Facts about Asthma
Medical experts claim that asthma is triggered by both genetic and environmental factors. The treatment for this disease usually involves inhaling beta-2 agonist or avoiding the potential triggers of this condition. Every patient responds to treatments differently and, therefore, the treatments themselves may vary.
Today, more than 300 million people are suffering from asthma. In fact, during 2009, more than 250,000 deaths due to asthma took place. Therefore, it is crucial to get the right treatment and start battling this disease early, working your way towards complete healing and a life without asthma.
Finding a Proper Treatment
Usually, asthma attacks are triggered by allergies. During asthma attacks the muscle surrounding the airways gets into a state of spasm, becoming tight, causing the lining of the airways to swell. Subsequently, the sufferer cannot breathe sufficiently, needing medical assistance and a proper treatment.
The symptoms may vary in intensity from one person to another. Thus, some may experience an asthma attack through coughing, while others may end up in a life-threatening situation, due to a severe restriction of their respiratory pathways.
As far as allergies are concerned, these can trigger asthma attacks too.
Once you visit your doctor, he/she will use a stethoscope in order to listen to the activity of your lungs. Even though you might breathe freely between your asthma episodes, this method can be useful for the diagnosis process.
If an asthma patient has blue lips and face, feeling tired and confused, bothered by extreme breathing difficulties and increased pulse, he/she needs to be hospitalized and treated as soon as possible. Additionally, abnormal breathing, cessation of breathing, nasal flaring and tightness in the chest are all signs worthy of your doctor's concern.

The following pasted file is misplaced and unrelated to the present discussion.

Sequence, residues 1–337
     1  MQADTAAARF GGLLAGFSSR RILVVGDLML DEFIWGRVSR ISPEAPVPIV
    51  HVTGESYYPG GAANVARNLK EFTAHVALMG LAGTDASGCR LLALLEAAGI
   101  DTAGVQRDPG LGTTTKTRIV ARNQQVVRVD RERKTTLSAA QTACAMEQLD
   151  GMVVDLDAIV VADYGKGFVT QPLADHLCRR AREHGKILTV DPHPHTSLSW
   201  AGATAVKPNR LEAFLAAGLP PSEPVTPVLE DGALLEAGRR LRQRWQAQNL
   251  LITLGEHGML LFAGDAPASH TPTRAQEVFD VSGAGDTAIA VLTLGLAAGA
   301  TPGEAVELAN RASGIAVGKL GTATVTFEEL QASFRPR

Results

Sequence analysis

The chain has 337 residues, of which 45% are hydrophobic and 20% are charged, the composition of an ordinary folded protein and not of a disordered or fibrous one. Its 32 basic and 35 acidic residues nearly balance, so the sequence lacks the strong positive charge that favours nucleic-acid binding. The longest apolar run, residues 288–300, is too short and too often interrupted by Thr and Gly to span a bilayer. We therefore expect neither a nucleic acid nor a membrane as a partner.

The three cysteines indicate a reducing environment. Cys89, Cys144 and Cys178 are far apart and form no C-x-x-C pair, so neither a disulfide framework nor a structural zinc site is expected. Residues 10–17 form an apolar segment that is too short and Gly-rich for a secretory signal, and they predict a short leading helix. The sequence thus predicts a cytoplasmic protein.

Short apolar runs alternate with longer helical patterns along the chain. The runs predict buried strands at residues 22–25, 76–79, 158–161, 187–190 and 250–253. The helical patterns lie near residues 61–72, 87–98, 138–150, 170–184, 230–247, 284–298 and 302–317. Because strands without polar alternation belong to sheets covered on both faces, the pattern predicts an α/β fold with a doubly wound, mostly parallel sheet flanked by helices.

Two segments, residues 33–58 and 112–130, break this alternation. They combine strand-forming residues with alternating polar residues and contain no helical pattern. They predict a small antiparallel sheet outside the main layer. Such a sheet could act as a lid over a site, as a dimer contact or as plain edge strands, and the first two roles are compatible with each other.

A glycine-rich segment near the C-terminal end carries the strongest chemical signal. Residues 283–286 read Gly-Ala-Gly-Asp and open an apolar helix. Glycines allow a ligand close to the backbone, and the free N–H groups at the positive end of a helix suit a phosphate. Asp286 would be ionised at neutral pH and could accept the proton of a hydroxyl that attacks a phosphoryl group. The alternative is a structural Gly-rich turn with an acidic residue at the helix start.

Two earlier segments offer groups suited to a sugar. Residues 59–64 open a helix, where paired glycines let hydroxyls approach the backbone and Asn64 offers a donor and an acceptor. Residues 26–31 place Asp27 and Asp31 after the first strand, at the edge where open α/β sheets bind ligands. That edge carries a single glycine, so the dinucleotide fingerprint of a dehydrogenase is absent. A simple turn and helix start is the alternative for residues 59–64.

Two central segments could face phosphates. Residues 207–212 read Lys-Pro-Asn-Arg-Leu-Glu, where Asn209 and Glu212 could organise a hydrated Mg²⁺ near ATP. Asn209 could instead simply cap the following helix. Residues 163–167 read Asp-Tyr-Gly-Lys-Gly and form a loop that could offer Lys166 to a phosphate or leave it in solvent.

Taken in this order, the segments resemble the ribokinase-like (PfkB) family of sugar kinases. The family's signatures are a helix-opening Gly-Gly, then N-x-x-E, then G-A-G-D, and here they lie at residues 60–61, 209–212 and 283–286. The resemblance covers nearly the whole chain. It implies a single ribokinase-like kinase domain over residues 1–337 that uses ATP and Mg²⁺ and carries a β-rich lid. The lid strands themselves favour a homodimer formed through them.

Allergens Causing Asthma
Animal hair is one of the most common triggers of asthma symptoms, along with dust or a change of climate. Sometimes, even chemicals from the food one consumes may be sufficient for leading to asthma complications. Pollen is yet another potential cause. Additionally, respiratory infections like the common cold are known to make matters worse for asthma sufferers. Finally, stress and cigarette smoke earn their place on the list of common asthma triggers.
Usually, asthma patients need to undergo allergy tests where the exact allergen or allergens will be pinpointed. Then, the patient can avoid exposure to these substances or circumstances, keeping complications of this condition at bay.